Note that the first option offers no reason at all. The second includes a clear explanation of why a person needs to cut in the line. The third however offers a quite poor reasoning. In fact, one could argue that the third version makes no sense at all.
While only 60% obliged to the first request, 94% and 93% allowed the person to cut the line after hearing the second and the third option respectively.
Therefore, use "because" to point out compelling reasons why a prospect should take a specific action to increase your chances for them taking it.
There's no point in denying:
Whenever you're eager to buy something, you want it now.
A 2012 report by comScore found that 48% of online shoppers are not willing to wait more than 5 days for delivery of their purchases. And only 23% said they'd be willing to wait 8 days or more. (source)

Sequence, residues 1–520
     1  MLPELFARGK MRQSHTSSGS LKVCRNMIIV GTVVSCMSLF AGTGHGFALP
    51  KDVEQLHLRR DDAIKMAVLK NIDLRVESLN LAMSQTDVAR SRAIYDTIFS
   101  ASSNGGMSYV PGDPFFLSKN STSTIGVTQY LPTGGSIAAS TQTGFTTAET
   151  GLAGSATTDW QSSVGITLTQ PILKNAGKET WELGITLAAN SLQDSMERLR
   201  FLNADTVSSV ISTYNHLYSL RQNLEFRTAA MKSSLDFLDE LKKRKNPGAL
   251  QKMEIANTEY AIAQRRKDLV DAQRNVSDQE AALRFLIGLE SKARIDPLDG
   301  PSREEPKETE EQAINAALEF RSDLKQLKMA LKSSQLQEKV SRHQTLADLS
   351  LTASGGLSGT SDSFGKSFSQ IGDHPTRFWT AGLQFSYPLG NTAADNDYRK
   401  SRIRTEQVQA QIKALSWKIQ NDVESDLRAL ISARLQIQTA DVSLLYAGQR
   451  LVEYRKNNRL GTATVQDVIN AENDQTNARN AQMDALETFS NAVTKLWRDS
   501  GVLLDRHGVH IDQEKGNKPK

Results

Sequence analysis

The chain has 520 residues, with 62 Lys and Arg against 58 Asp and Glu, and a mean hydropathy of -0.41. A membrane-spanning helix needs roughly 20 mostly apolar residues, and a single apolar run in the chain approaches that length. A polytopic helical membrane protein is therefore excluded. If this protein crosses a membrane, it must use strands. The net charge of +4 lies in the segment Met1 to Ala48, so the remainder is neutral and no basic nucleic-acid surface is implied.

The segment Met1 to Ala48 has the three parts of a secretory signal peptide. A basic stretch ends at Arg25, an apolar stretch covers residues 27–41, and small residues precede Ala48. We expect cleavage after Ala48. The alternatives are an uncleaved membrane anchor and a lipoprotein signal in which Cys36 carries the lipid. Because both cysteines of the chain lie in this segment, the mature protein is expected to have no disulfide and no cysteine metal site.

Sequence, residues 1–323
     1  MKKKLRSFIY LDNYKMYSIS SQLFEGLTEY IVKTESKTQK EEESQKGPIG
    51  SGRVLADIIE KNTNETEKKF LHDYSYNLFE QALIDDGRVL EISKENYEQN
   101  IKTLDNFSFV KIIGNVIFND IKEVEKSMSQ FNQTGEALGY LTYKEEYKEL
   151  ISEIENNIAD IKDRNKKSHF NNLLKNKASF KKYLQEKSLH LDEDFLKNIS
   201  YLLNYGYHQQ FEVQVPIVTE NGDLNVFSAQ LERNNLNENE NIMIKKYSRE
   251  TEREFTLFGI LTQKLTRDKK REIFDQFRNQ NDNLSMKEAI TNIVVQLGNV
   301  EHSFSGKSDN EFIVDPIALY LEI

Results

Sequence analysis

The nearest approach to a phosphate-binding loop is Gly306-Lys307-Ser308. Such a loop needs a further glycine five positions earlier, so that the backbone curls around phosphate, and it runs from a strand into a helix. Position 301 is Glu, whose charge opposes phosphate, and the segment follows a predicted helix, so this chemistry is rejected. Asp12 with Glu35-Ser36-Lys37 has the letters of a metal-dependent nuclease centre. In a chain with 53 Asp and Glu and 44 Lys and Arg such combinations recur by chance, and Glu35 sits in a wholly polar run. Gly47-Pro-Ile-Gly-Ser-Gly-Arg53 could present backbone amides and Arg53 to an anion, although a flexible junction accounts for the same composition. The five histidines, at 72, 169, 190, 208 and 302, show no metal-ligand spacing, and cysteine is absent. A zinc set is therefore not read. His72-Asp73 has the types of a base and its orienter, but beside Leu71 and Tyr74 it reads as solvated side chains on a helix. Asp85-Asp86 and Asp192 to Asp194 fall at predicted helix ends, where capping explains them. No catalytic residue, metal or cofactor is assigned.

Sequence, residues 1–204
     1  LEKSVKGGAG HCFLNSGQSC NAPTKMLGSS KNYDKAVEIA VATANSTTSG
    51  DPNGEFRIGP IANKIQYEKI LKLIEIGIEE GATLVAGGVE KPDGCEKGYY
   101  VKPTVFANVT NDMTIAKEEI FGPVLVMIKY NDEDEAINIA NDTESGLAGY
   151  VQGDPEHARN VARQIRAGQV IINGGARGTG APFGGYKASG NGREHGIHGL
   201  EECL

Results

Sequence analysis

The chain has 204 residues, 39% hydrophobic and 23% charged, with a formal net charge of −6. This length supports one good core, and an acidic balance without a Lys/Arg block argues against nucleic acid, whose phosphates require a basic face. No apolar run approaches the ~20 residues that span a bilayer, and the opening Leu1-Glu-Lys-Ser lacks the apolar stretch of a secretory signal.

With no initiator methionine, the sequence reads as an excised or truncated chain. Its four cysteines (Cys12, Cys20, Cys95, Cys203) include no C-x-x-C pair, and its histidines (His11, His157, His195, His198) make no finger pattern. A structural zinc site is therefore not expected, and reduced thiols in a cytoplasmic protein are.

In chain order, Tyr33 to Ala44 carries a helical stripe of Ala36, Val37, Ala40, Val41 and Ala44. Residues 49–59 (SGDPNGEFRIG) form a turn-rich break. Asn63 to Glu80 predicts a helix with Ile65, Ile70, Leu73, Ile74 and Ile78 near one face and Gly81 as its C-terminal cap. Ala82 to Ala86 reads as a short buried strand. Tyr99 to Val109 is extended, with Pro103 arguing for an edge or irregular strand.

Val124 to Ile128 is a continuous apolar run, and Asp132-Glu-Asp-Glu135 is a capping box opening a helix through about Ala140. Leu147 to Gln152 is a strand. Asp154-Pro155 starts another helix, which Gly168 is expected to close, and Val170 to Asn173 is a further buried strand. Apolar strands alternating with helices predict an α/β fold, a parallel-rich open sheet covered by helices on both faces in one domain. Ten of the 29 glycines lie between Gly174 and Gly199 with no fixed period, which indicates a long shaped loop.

What's more, the same report found that to 60% of buyers, estimated or guaranteed delivery time is an important factor to making a buying decision.
And so, using words like "Instantly" that promise an instant gratification can be the push that's needed to make the sale.
Crazy, isn't it? Even a single word can turn your entire sales pitch around; convince a prospect to do business with you or repel them from even thinking about it.
And so, pay attention to the words you're using. And include the 6 I mentioned in the post. For now you know how powerful they are in making or breaking your sale.